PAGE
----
The structure of the book - with chapters focussing on a them - could've benefitted from said themes being more juicy. I would've far rathered reading more about the objections she had to things which have since become national treasures (Dr. Who, The Beatles,) than reading about her in-fighting with other Christian organisations such as the Anglican Church. A bit more social context for those of us not born at the time would also have not gone amiss.
Also, and this is not really the book's fault, the jacket was covered with quotes from British reviewers who clearly need to get out more. Yes, the book was amusing in places, but in no way was it 'hilarious' or 'shockingly funny.'
A fair effort to discuss the paradoxes and life of Mrs Whitehouse using the incredibly interesting resource of her own archives. There were minus points to this book, of course, but at the end of the day it is a competent portrait of the work of a woman who was trying (forcefully) to get back to an innocent, idealised, version of this country that never really existed - except perhaps in the minds of people like her.
Another of the awesome Quick Reads series (which as always deserves my commendable praise for trying to get everyone reading) this is a fictionalisation of the real 1908 murder of Mrs Caroline Luard.
Mrs Caroline Luard is found dead - shot - in the rural Kent town of Ightham. The neighbours suspect her husband - Major-General Luard, a local JP and well-off snob. But did he kill her? Or is there another explanation?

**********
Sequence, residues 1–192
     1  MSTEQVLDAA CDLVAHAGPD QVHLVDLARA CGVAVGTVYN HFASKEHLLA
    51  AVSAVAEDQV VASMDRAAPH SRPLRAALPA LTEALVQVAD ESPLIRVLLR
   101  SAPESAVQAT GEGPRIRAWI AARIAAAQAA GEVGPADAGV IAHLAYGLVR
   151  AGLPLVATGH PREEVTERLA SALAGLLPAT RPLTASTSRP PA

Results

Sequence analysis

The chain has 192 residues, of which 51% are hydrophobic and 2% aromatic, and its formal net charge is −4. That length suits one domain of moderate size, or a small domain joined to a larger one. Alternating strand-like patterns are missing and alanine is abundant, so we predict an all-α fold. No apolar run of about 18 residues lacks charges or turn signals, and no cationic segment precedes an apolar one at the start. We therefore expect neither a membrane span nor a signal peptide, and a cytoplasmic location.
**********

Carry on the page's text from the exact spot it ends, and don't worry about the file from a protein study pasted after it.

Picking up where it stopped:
The pace and depth both pick up from about half-way through, as the author seems to get into her stride. It's from this point - where there's more of the fiction and supposition, rather than the fact, that the book becomes more involving.
The whole story is edible in bite-size chunks, and the atmosphere of early 20th century secrets and poverty is captured in an intriguing and encapsulating way.
Not so great bits:
As always, there are some issues here which may upset some readers - murder (obviously,) poverty, alcoholism, suicide, and domestic abuse are all touched on at various points. If this is a major problem for you, then obviously, read with caution.
The tone sticks a little in places, but not enough to really bother you all that much.
A very readable, short, and digestible fictionalised account of an intriguing and mysterious crime. Perfect for a bit of detective-ness in the middle of your everyday life.
As promised, here's my review of Alison Weir's Traitors of the Tower. I'm still trying to work out the best, most useful, and most refreshing ways to review books on this blog so please have patience and let me know what you like!
Title: Traitors of the Tower Author: Alison Weir Genre: Non-fiction Series: Quick Reads
A few starting notes: